A Democratic senator promoted his pending privacy legislation as he spoke about the sales of American data to law enforcement agencies.
Senator Ron Wyden, D-Ore., reiterated his stance on the corporate sale of consumer data on Tuesday, where he argued that brokering American’s data is a violation of Fourth Amendment rights.
Speaking at the Cato Institute in Washington, D.C., Wyden documented his efforts to prevent various entities, including government organizations and telecommunication companies, from brokering sensitive personal data. He also took the opportunity to resurface his proposed bill, the Fourth Amendment is Not for Sale Act, which he formally introduced in April 2021.
“In my view, it’s essential to prevent data brokers from acting like so many termites and chewing through the framework of our fundamental rights,” he said during his speech.
Wyden traced the rampant sale of consumer data back to a loophole within the Electronic Communication Privacy Act of 1986. Originally designed to protect consumers’ electronic communications, Wyden says a loophole allows companies with access to this consumer information to share select metadata to third parties.
He further referenced investigations that revealed large sales of private consumer data accessed by data broker companies to government agencies like the Internal Revenue Service and Customs and Border Protection.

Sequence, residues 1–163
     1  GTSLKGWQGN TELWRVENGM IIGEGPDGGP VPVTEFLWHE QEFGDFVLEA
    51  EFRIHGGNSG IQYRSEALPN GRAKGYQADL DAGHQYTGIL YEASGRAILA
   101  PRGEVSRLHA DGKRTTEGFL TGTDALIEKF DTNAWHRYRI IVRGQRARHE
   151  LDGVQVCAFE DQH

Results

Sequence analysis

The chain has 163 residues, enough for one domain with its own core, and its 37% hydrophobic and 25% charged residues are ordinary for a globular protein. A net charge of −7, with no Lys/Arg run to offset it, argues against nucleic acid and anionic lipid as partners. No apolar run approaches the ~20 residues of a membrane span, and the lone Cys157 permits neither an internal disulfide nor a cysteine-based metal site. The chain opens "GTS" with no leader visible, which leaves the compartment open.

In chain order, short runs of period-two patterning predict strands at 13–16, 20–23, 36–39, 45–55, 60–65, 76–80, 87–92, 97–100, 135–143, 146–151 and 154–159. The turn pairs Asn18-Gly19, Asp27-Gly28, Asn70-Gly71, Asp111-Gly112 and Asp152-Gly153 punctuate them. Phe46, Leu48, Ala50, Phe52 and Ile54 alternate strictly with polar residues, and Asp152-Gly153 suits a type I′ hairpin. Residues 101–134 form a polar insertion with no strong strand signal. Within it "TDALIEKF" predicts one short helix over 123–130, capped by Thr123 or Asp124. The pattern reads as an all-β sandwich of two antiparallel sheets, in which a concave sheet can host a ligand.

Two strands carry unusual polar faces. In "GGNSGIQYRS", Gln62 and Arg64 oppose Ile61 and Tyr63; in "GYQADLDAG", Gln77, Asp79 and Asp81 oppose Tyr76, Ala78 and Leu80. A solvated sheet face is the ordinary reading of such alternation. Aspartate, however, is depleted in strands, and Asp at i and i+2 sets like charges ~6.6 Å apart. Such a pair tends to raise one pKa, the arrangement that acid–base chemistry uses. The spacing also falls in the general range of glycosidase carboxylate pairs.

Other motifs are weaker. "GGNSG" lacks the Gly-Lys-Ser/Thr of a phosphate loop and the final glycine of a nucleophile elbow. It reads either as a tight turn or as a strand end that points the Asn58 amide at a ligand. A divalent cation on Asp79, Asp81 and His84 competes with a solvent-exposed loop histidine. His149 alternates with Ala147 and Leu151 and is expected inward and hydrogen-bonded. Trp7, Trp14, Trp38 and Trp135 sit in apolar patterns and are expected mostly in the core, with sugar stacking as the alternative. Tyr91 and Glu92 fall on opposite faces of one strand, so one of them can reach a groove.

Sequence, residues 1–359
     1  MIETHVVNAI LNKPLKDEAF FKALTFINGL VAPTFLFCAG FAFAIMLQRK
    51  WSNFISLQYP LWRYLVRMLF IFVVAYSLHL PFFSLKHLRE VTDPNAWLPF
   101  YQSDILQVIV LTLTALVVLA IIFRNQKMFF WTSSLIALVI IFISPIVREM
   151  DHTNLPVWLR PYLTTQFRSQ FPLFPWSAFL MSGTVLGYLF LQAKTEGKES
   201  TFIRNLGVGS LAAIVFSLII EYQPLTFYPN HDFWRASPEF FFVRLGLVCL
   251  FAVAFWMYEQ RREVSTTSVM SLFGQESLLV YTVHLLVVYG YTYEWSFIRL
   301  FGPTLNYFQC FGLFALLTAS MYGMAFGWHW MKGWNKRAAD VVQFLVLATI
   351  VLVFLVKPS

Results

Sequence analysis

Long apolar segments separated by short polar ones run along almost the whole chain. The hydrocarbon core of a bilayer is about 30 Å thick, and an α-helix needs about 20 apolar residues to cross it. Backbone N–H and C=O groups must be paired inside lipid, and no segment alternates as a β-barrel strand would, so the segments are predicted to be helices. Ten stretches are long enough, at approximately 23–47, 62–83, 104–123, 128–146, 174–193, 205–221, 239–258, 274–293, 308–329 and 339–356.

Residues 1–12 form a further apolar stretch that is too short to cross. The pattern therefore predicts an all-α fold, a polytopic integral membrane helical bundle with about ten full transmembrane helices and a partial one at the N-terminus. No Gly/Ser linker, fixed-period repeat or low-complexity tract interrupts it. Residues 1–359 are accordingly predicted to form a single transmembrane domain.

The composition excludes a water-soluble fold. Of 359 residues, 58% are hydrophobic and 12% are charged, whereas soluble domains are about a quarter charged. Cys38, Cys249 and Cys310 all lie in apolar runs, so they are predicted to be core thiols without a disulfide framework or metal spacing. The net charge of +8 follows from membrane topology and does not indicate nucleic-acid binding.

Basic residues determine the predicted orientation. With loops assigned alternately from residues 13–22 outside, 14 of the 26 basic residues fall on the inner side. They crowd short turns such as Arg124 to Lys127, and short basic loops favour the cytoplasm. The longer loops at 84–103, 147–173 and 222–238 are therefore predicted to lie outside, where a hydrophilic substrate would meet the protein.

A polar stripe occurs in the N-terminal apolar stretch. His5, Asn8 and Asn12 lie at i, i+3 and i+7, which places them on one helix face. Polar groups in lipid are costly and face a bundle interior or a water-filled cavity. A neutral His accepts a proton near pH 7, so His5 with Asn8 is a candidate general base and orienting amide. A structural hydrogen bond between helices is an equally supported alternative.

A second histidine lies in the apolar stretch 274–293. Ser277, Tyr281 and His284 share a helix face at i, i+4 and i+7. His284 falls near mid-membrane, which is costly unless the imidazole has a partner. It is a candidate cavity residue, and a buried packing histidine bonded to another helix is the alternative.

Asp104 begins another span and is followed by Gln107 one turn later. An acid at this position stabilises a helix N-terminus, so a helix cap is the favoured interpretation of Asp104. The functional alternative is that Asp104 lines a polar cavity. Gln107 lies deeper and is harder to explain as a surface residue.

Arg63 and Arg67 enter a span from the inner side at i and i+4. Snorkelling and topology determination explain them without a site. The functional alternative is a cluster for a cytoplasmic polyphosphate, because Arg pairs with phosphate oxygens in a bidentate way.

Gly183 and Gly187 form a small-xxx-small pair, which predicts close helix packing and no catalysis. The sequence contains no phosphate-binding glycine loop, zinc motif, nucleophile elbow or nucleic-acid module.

“These practices amount to an outrageous privacy violation and a shameless end run
around the 4th Amendment,” Wyden said. “These agencies would need a court order to obtain location data from AT&T and Verizon, or from Google and Facebook, but they’re exploiting the data broker loophole.”
His bill, which garnered sponsors on both sides of the aisle, including Sens. Rand Paul, R-Ky., Mike Lee, R-Utah, Elizabeth Warren, D-Mass., and Chuck Schumer, D-N.Y., would impart stronger restrictions on data sales, particularly between data brokers and public agencies. It notably targets data cultivated by Clearview’s artificial intelligence technology, a contractor used by several law enforcement agencies.
Thanks to its facial recognition solutions and surveillance methods, Clearview has been one of the most controversial biometric enterprise technologies used by the government.
“If passed, this bill would be the strongest protection for Americans’ privacy in a century,” Wyden said of his bill.
The senator has underscored his devotion to limiting data broker transactions in public and private arenas, recently seen in his comments during committee hearings and in a letter sent to the Consumer Financial Protection Bureau that requested restrictions on credit unions selling customer data.
“The data broker industry is out of control, in part because of vague and undefined regulations,” Wyden wrote.